A pounding headache woke Angie Aparo early one April morning last year. A bout of nausea followed, sending him to the toilet. The pain was so severe; he was frightened. But he’d had his annual physical just two months earlier that showed he was in fine health as he approached his 55th birthday. He hoped an adjustment by his chiropractor might alleviate his discomfort.
Driving the same silver 2003 Honda Pilot that had taken him hundreds of thousands of miles up and down the East Coast playing his folksy rock songs on stages in bars, concert halls and festivals everywhere, the musician was listening to the radio as he pulled into the chiropractor’s parking lot. Suddenly the car radio went silent and the pain stopped.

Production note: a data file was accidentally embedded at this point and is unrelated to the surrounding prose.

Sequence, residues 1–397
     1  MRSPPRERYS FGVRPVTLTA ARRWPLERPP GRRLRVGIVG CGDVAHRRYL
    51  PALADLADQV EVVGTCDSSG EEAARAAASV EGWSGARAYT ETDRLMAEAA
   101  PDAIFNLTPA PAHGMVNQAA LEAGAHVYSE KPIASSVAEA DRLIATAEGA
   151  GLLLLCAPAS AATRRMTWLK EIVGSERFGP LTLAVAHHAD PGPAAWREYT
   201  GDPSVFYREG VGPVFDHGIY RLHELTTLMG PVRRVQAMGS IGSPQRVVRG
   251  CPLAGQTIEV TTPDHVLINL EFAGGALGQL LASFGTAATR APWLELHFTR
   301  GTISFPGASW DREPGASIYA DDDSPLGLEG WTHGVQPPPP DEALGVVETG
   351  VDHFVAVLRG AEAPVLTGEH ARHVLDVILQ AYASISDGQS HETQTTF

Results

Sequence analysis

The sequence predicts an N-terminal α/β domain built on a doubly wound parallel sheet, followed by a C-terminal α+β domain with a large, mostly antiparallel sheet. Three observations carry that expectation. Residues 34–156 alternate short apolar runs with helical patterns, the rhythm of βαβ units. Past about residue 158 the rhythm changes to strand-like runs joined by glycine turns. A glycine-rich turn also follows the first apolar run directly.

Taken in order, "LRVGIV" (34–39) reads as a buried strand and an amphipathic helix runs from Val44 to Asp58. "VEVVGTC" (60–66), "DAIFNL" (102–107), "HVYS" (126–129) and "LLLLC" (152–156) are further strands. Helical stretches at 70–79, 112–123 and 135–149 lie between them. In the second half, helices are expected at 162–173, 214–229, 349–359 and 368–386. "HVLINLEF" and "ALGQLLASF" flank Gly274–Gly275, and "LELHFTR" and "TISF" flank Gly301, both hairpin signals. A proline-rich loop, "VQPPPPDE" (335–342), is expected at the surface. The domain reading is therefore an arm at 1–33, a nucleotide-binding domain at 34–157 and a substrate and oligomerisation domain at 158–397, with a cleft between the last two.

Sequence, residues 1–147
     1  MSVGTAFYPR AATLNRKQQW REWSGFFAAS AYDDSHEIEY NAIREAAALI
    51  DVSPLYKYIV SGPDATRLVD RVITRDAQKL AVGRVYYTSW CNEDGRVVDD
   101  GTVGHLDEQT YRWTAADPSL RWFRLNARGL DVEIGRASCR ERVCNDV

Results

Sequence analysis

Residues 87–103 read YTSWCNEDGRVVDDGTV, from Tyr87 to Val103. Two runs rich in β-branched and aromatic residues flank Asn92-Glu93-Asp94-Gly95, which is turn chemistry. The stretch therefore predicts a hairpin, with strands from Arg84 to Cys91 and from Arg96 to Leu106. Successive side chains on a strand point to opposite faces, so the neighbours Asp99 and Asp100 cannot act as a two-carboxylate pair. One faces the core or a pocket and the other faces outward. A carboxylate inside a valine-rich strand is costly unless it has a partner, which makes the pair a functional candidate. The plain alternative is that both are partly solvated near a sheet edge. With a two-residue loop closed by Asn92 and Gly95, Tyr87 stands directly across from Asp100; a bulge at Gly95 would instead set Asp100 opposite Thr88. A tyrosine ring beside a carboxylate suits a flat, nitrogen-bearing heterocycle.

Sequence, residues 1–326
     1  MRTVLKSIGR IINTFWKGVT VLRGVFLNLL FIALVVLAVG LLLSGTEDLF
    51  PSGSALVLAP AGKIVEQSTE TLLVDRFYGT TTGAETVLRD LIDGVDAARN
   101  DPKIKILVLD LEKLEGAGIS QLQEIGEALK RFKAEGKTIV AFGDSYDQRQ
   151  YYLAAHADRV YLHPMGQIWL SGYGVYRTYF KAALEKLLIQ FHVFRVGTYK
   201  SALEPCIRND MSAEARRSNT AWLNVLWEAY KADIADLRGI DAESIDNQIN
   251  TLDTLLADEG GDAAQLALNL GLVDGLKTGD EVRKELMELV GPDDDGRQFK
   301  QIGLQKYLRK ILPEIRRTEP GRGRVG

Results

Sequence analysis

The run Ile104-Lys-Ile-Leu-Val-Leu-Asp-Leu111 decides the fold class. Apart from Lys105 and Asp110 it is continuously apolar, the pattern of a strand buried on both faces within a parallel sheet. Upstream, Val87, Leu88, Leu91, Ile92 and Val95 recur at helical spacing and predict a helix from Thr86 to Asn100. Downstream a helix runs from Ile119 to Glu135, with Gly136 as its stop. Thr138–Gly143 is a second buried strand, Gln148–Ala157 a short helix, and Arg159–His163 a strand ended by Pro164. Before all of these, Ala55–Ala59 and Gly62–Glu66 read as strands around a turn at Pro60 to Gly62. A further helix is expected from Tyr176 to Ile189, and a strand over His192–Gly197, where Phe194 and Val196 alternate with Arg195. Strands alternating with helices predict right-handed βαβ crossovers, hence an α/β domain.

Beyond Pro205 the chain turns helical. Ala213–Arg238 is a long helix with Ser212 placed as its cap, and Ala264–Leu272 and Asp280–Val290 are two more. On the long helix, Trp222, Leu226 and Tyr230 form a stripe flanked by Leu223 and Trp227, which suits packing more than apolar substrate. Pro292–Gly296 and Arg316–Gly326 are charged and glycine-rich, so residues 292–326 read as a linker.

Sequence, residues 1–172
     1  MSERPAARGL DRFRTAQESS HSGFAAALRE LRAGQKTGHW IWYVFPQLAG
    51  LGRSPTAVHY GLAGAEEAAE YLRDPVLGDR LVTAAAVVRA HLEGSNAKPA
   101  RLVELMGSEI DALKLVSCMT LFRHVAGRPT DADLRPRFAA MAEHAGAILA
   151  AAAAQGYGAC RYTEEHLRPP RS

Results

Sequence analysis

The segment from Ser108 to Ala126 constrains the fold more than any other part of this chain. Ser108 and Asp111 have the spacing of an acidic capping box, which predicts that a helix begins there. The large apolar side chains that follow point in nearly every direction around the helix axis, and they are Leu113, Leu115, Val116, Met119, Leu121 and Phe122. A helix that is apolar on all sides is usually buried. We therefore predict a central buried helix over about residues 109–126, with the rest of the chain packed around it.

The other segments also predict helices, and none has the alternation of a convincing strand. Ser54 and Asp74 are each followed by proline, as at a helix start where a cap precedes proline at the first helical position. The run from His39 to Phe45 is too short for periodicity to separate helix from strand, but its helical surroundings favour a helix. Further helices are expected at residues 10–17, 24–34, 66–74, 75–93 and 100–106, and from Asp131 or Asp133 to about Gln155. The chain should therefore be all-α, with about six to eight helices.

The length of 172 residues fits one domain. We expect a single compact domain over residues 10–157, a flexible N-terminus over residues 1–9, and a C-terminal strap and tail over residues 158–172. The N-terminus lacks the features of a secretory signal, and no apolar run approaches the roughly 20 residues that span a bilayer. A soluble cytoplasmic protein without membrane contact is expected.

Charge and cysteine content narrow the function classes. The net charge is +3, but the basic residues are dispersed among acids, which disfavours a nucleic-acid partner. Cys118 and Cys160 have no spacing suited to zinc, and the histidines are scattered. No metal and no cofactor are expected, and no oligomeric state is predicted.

Angie had suffered a spontaneous carotid artery dissection — a tear in one of the main conduits for blood flow through the neck to the brain. A blood clot had formed and pieces of it had entered his brain, shutting off the world around him.
The Atlanta singer/songwriter whose songs had been recorded by Faith Hill and Tim McGraw had lost his ability to communicate. Aphasia had robbed his ability to recall the names of everyday objects. All the lyrics he’d written over the decades vanished from his memory.